A reappraisal of concepts in heart failure: central role of cardiac power reserve
Williams, Simon G; Barker, Diane; Goldspink, David F. and Tan, Lip-Bun (2005) A reappraisal of concepts in heart failure: central role of cardiac power reserve. Archives of Medical Science, 1 (2). pp. 65-74. ISSN 1734-1922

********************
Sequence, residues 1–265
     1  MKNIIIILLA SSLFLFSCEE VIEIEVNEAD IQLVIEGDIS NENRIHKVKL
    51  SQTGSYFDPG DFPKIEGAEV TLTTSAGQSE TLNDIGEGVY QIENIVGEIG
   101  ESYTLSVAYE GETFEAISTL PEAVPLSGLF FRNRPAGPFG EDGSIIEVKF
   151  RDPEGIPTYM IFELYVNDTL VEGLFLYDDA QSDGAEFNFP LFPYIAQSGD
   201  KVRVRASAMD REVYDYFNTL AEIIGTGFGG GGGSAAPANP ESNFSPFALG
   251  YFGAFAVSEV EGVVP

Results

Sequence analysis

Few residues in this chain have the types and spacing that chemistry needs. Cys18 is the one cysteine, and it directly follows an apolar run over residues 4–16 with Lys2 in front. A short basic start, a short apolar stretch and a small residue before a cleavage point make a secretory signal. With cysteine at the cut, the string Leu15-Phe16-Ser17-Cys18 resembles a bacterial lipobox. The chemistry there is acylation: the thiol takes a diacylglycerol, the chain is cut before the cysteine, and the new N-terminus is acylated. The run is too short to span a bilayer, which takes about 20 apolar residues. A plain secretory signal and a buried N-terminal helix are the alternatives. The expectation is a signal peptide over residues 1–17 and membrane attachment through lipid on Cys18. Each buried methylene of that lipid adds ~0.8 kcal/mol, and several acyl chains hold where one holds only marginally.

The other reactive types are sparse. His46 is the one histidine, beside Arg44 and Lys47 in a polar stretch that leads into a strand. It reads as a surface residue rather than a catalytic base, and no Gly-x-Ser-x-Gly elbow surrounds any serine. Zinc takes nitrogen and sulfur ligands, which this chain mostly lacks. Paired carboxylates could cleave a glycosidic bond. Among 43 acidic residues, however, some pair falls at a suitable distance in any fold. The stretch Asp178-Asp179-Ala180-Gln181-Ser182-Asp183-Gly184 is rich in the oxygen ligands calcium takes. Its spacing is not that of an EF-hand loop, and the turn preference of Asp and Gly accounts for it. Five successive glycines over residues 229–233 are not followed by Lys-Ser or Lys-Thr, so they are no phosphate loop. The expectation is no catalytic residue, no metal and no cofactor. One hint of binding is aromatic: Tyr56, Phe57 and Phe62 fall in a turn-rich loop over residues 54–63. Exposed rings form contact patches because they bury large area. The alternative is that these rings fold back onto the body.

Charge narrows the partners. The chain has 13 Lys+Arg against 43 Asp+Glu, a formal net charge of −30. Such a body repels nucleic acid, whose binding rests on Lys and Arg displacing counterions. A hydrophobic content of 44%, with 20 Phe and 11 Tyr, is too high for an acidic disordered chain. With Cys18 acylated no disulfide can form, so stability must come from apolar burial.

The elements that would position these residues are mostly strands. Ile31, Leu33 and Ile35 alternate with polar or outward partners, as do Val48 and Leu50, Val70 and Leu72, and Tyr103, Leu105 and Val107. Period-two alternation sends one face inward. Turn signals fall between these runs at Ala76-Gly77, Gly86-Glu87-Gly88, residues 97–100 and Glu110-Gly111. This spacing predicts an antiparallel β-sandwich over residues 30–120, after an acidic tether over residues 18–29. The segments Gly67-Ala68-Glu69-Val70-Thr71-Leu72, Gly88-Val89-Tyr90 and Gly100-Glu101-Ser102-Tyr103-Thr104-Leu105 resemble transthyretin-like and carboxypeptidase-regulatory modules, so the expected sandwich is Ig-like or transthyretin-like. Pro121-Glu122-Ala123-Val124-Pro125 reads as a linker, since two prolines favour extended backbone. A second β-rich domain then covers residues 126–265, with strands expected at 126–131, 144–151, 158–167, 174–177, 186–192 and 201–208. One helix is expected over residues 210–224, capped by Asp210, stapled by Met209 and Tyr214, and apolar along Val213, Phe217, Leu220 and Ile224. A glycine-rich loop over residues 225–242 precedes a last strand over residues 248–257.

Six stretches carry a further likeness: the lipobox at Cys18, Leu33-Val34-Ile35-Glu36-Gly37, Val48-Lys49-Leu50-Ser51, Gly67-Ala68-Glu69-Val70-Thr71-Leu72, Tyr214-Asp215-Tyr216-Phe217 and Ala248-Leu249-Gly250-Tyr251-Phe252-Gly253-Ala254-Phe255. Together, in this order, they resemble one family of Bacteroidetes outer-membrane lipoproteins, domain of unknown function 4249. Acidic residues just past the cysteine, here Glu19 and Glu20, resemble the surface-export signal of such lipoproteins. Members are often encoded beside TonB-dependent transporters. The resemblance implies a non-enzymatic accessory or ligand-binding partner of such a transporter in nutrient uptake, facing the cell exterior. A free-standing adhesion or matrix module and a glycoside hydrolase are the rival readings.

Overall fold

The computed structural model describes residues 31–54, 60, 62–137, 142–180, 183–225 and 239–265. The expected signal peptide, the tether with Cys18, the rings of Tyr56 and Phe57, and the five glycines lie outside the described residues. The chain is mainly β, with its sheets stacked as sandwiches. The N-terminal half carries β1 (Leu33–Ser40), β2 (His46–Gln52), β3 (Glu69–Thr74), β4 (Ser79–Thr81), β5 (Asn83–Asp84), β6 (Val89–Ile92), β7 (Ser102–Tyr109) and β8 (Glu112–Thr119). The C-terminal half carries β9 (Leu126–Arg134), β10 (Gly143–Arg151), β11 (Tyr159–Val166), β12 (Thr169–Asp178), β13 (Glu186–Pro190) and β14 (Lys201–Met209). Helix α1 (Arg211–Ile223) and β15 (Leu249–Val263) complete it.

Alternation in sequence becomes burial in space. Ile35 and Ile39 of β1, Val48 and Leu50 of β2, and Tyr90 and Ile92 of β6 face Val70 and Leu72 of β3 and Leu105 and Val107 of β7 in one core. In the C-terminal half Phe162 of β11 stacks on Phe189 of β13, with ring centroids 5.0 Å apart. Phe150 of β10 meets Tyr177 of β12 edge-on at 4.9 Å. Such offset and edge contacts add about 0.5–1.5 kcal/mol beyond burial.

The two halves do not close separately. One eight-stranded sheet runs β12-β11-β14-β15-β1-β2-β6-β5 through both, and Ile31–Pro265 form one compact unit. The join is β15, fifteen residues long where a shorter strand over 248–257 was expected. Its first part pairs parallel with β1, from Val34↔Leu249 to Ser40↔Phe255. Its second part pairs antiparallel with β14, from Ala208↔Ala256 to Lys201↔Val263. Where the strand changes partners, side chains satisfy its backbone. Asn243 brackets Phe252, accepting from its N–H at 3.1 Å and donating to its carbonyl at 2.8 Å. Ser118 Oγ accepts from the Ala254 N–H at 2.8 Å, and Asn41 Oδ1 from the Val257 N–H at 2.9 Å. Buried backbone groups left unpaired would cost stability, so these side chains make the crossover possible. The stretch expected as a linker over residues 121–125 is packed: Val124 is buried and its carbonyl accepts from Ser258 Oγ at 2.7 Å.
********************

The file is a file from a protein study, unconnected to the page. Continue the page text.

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Of all cardiological conditions, heart failure (HF) is by far conceptually the most difficult to grasp. For over a century, it has been beset with a number of misconceptions, which require reappraisal. Central to these misleading concepts is the absence of a reliable means of evaluating what constitutes heart failure and how to assess and ameliorate its severity. To attain this necessitates our moving away from the easier assessments at rest to measurements at peak exercise. Taking the key function of the cardiac pump as the delivery of adequate hydraulic energy to maintain the requisite circulation, it becomes apparent that the parameter we require is cardiac power output reserve, which incorporates both the flow- and pressure-generating capacity of the heart. Evidence available so far has shown that this variable is a major determinant of exercise incapacity and prognosis in patients with heart failure.
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